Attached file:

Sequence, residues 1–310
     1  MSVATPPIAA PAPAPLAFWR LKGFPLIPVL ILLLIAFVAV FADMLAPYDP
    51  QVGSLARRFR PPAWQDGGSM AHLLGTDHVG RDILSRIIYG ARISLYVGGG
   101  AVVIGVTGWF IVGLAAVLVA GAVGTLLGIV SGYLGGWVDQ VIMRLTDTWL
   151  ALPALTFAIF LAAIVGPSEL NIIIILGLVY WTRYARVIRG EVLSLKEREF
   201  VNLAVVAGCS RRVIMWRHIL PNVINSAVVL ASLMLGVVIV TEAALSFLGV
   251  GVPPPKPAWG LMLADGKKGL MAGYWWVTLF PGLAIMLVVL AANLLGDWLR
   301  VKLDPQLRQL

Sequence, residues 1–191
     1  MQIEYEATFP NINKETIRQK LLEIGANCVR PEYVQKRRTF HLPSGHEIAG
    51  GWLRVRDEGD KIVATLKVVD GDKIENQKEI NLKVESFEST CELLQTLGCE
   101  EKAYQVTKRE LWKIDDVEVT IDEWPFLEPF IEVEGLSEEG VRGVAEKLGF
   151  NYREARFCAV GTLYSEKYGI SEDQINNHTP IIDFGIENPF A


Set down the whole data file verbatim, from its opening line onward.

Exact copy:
Sequence, residues 1–310
     1  MSVATPPIAA PAPAPLAFWR LKGFPLIPVL ILLLIAFVAV FADMLAPYDP
    51  QVGSLARRFR PPAWQDGGSM AHLLGTDHVG RDILSRIIYG ARISLYVGGG
   101  AVVIGVTGWF IVGLAAVLVA GAVGTLLGIV SGYLGGWVDQ VIMRLTDTWL
   151  ALPALTFAIF LAAIVGPSEL NIIIILGLVY WTRYARVIRG EVLSLKEREF
   201  VNLAVVAGCS RRVIMWRHIL PNVINSAVVL ASLMLGVVIV TEAALSFLGV
   251  GVPPPKPAWG LMLADGKKGL MAGYWWVTLF PGLAIMLVVL AANLLGDWLR
   301  VKLDPQLRQL

Sequence, residues 1–191
     1  MQIEYEATFP NINKETIRQK LLEIGANCVR PEYVQKRRTF HLPSGHEIAG
    51  GWLRVRDEGD KIVATLKVVD GDKIENQKEI NLKVESFEST CELLQTLGCE
   101  EKAYQVTKRE LWKIDDVEVT IDEWPFLEPF IEVEGLSEEG VRGVAEKLGF
   151  NYREARFCAV GTLYSEKYGI SEDQINNHTP IIDFGIENPF A